Animals as Legal Beings: Contesting Anthropocentric Legal Orders
Ebook - ePub
Ebook - PDF
Published: January 2021© 2020
Imprint: University of Toronto Press
Page Count: 348 Pages
Dimensions: 6.00 x 9.00
348 Pages, 6.00 x 9.00 x 1.00 in
In Animals as Legal Beings, Maneesha Deckha critically examines how Canadian law and, by extension, other legal orders around the world, participate in the social construction of the human-animal divide and the abject rendering of animals as property. Through a rigorous but cogent analysis, Deckha calls for replacing the exploitative property classification for animals with a new transformative legal status or subjectivity called "beingness."
In developing a new legal subjectivity for animals, one oriented toward respecting animals for who they are rather than their proximity to idealized versions of humanness, Animals as Legal Beings seeks to bring critical animal theorizations and animal law closer together. Throughout, Deckha draws upon the feminist animal care tradition, as well as feminist theories of embodiment and relationality, postcolonial theory, and critical animal studies. Her argument is critical of the liberal legal view of animals and directed at a legal subjectivity for animals attentive to their embodied vulnerability, and desirous of an animal-friendly cultural shift in the core foundations of anthropocentric legal systems.
Theoretically informed yet accessibly presented, Animals as Legal Beings makes a significant contribution to an array of interdisciplinary debates and is an innovative and astute argument for a meaningful more-than-human turn in law and policy.
Moving Toward a Non-Anthropocentric Legal Status for Animals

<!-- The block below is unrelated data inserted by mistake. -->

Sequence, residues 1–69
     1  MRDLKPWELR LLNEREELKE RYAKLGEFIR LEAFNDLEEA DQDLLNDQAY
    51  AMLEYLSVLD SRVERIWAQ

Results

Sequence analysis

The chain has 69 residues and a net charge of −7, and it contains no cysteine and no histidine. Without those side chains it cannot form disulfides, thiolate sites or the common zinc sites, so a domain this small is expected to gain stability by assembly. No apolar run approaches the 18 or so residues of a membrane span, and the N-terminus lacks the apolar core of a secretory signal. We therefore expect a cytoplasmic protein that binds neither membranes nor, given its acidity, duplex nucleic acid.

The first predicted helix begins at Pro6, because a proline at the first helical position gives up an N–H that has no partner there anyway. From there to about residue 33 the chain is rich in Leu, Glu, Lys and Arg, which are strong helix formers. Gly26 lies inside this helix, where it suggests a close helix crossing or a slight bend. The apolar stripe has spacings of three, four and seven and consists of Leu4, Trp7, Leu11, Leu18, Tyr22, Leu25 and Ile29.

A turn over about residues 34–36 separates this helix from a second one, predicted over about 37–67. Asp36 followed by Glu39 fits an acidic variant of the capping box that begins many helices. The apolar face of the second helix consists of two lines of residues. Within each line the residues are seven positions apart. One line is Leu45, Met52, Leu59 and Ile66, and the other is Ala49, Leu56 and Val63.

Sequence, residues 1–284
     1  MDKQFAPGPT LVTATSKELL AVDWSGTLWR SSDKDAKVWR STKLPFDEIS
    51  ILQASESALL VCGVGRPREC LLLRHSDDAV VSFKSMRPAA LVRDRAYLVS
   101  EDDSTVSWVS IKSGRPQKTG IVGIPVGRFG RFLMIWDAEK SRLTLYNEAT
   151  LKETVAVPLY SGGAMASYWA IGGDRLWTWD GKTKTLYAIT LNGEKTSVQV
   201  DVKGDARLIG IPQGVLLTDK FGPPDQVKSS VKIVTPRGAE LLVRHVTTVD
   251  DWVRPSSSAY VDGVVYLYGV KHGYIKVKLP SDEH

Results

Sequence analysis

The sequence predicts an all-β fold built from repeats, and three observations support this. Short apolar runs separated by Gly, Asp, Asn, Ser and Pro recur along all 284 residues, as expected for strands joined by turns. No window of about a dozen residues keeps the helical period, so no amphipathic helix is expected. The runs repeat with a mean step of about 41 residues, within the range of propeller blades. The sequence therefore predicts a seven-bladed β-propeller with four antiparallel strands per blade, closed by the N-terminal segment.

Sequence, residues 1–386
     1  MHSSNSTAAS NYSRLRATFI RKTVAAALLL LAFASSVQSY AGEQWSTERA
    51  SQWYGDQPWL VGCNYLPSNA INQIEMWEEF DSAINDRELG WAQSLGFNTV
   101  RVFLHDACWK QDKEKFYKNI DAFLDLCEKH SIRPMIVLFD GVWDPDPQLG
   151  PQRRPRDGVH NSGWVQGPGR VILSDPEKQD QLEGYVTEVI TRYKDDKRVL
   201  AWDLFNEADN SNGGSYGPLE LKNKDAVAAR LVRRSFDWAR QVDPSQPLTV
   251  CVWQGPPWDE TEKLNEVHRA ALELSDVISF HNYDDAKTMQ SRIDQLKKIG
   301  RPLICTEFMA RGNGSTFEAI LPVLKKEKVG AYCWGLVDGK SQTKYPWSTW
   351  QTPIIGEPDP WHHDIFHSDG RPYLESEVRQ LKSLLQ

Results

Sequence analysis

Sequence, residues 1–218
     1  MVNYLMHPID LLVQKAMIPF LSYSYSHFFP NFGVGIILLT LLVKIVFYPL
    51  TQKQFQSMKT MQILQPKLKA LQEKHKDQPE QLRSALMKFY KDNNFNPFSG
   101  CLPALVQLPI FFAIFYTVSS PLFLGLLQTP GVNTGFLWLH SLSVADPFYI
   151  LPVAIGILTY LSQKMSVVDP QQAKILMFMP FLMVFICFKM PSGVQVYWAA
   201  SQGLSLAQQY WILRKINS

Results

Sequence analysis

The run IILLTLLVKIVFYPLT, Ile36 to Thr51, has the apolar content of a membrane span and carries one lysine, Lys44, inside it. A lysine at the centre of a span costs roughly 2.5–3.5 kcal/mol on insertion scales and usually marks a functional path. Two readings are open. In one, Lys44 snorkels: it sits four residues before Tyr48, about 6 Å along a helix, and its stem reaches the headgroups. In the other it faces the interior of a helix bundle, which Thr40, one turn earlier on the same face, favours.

1. No Escape: Anti-Cruelty Law’s Property Foundations
2. What’s Wrong with Personhood?: The Humanizing Impact of Anthropos
3. Toward a Post-Anthropocentric Legal Ontology
4. Beingness: A New Legal Subjectivity for Animals
5. Liberal Humanism Repackaged?
“Animals as Legal Beings is an excellent piece of scholarship, well written and highly readable. Maneesha Deckha offers a clear theorization of animal legal subjectivity using ‘beingness’ as her core theoretical value and notes the limitations or unanswered puzzles related to her theorization.” Anna Grear, School of Law and Politics, Cardiff University
“Maneesha Deckha has emerged as a leading voice in law scholarship which crosses animal, feminist, and postcolonial studies. This book offers a new contribution to thinking about animals as legal subjects beyond the current impasse between personhood and property. Deckha’s innovative approach proposes a new third status - ‘beingness’ - representing an original attempt to solve a practical dilemma.” Dinesh Wadiwel, School of Social and Political Sciences, The University of Sydney
“Animals as Legal Beings is an impressive new contribution to research and theory. Its breadth is astonishing; Maneesha Deckha is well versed across traditions and theorists. The book’s engagement with complex theory is detailed and sensitive to nuance. It is an important contribution to critical thinking about law.” Margot Young, Peter A. Allard School of Law, University of British Columbia
"Finally! – a comprehensive analysis of animal law that does not rest upon anthropocentric liberal assumptions, but instead advocates for ‘beingness’ as a new legal subjectivity for animals. A must-read for anyone who cares about more-than-humans."Irus Braverman, Professor and William J. Magavern Faculty Scholar, The State University of New York at Buffalo
"Animals as property or animals as persons? This dichotomy has consumed scholars debating the legal status of animals. Esteemed feminist and post-colonial scholar, Maneesha Deckha breaks through this dichotomy with her argument that animals should occupy the novel legal category of ‘beingness.’ Her conclusions land in surprising places and must be confronted by anyone seriously concerned with the legal status of animals."Dale Jamieson, Professor of Environmental Studies and Philosophy, and Director of the Center for Environmental and Animal Protection, New York University